SSE Seventy Seven Energy Inc -0.71
WPX WPX Energy, Inc. Class A -0.88
CNQ Canadian Natural Resources Limited -1.04
BHI Baker Hughes Incorporated -1.73
HAL Halliburton Company -6.68

Top Energy Hedge Funds’ Positions

At 12/31/2014, the top performers’ average portfolio consisted of the following positions:

Chart of the average energy sector positions of hedge funds with top energy sector security selection performance

Energy Sector Positions of the Top Energy Hedge Funds

Symbol Name Position (%)
XOM Exxon Mobil Corporation 22.16
HAL Halliburton Company 15.19
CHK Chesapeake Energy Corporation 13.86
CLR Continental Resources, Inc. 7.17
TLM Talisman Energy Inc. 6.51
PARR Par Petroleum Corporation 4.08
SLB Schlumberger NV 2.74
EOG EOG Resources, Inc. 2.52
LINE Linn Energy, LLC 2.22
CVX Chevron Corporation 2.07

Conclusions

  • The hedge fund industry has a poor track record selecting long energy stocks. A typical fund would have done better investing passively, and outside investors would do well to short crowded picks in the sector.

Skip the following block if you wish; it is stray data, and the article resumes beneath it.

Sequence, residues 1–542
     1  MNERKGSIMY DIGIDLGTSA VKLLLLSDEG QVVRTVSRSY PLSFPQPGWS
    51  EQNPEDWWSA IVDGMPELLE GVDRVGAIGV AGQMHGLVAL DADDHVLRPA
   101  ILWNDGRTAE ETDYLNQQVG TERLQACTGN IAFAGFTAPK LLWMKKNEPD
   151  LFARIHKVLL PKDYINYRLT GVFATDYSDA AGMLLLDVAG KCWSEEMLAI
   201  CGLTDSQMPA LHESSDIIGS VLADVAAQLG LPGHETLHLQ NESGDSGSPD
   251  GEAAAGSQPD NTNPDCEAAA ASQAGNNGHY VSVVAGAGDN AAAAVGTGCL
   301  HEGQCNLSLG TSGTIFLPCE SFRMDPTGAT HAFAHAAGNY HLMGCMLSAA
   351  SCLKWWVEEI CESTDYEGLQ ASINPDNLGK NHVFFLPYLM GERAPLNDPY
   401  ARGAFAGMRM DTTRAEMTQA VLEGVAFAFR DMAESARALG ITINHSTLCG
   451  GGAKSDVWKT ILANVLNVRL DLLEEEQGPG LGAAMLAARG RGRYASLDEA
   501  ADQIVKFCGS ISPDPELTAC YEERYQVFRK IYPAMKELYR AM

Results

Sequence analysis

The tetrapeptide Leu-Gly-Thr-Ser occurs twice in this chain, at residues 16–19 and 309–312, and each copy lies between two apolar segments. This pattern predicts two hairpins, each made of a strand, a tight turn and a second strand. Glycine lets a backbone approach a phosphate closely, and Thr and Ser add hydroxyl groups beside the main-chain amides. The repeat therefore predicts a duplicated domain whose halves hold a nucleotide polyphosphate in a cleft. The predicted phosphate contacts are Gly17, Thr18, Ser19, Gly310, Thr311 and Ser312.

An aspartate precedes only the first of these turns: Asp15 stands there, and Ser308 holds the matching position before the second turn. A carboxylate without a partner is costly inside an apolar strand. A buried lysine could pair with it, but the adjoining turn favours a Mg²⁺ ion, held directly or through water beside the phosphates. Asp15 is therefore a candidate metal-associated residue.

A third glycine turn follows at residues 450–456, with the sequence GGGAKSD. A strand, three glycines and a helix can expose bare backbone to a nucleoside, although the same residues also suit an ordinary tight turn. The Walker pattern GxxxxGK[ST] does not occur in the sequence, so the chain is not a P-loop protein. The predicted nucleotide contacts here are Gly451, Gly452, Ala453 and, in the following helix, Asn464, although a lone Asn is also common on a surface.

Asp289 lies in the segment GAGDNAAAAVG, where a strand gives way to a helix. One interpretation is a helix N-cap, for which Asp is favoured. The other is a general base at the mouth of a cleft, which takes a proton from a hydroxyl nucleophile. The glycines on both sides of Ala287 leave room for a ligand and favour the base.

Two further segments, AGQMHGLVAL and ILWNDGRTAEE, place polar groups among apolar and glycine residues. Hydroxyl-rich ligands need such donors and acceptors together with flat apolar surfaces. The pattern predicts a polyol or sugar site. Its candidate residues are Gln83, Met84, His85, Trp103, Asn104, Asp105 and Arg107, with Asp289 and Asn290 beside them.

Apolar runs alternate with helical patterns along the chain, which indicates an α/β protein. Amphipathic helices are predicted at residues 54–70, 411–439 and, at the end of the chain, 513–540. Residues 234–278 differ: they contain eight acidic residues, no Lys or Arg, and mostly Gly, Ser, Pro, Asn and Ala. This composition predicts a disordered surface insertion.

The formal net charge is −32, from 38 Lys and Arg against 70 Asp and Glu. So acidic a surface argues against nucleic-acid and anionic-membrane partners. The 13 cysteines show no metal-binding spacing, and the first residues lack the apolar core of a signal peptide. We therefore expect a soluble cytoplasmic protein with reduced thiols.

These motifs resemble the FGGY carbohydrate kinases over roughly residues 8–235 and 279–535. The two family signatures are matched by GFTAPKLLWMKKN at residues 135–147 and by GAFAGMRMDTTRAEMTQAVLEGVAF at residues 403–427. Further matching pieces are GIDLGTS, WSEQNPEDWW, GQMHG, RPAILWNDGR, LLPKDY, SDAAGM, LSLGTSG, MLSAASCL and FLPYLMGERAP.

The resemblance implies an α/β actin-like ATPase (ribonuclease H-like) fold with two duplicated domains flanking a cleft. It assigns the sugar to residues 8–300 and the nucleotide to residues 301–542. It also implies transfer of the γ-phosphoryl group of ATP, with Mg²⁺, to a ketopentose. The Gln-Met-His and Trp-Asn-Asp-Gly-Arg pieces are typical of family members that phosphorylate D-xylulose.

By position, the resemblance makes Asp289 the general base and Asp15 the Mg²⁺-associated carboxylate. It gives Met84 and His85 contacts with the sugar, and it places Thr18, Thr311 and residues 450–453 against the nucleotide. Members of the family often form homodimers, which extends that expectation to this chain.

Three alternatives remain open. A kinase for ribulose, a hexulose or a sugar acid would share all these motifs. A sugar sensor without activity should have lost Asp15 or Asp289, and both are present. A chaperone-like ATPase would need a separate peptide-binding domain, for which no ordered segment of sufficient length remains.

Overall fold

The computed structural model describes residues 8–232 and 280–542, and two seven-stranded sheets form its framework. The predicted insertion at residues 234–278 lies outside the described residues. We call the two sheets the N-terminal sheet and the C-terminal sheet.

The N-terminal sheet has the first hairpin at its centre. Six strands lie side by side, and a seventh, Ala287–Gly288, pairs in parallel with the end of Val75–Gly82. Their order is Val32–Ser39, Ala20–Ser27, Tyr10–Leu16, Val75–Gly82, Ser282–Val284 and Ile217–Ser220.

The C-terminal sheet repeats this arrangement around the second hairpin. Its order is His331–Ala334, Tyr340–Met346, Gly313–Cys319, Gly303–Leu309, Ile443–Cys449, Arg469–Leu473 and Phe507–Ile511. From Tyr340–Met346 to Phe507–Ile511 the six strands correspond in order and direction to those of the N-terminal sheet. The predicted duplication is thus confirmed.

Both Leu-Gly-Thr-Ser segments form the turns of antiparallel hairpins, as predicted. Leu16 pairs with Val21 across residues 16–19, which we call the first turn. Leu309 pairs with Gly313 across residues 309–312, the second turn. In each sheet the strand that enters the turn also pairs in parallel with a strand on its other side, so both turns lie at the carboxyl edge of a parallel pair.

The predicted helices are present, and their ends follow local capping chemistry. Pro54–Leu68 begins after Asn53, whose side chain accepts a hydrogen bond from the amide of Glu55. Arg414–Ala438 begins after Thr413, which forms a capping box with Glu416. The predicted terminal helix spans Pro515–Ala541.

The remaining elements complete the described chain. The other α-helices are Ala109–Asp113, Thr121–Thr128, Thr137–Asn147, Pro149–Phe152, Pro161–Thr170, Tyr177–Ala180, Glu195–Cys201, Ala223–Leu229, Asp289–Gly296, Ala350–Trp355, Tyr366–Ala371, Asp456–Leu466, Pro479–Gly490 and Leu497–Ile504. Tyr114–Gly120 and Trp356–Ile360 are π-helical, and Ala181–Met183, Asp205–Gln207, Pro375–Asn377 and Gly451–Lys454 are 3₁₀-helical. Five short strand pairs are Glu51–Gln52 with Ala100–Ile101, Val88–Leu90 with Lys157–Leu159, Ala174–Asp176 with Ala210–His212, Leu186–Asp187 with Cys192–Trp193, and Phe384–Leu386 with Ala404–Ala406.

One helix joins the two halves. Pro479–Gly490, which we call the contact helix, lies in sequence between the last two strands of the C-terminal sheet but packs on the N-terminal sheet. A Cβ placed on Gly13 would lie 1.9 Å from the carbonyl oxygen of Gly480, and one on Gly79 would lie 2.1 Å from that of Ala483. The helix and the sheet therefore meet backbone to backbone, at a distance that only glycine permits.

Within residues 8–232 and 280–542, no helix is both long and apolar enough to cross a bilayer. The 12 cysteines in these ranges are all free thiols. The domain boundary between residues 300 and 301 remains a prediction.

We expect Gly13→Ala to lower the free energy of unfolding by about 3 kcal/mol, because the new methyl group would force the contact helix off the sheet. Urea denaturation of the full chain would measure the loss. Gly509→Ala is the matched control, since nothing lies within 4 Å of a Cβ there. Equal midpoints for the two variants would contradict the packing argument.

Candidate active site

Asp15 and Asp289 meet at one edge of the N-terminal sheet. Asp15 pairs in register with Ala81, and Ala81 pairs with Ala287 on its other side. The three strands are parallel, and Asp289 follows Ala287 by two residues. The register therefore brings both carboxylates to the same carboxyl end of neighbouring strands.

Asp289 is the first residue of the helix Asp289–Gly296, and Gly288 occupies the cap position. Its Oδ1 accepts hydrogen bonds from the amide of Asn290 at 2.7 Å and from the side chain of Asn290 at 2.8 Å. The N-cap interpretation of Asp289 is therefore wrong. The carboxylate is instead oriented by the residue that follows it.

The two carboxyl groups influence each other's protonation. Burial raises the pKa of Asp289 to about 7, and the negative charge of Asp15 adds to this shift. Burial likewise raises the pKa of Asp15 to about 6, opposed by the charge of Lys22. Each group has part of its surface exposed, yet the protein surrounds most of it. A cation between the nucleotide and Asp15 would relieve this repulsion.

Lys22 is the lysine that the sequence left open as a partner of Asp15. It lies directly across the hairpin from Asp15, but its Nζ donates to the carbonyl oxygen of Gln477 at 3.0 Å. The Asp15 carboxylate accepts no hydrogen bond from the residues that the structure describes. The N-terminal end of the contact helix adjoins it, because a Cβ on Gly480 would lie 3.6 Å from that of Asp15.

• Despite the poor industry performance, some funds do have excellent energy stock picking records. These records are persistent and predictive.
  • In recent months, the top energy funds have increased their XOM position and cut HAL. HAL remained a top bet, along with XOM and CHK.
The information herein is not represented or warranted to be accurate, correct, complete or timely.
Past performance is no guarantee of future results.
Copyright © 2012-2015, 
AlphaBetaWorks, a division of Alpha Beta Analytics, LLC. All rights reserved.
Content may not be republished without express written consent.
Share the Insight... Email this to someoneShare on LinkedInShare on FacebookShare on Google+Tweet about this on TwitterShare on Tumblr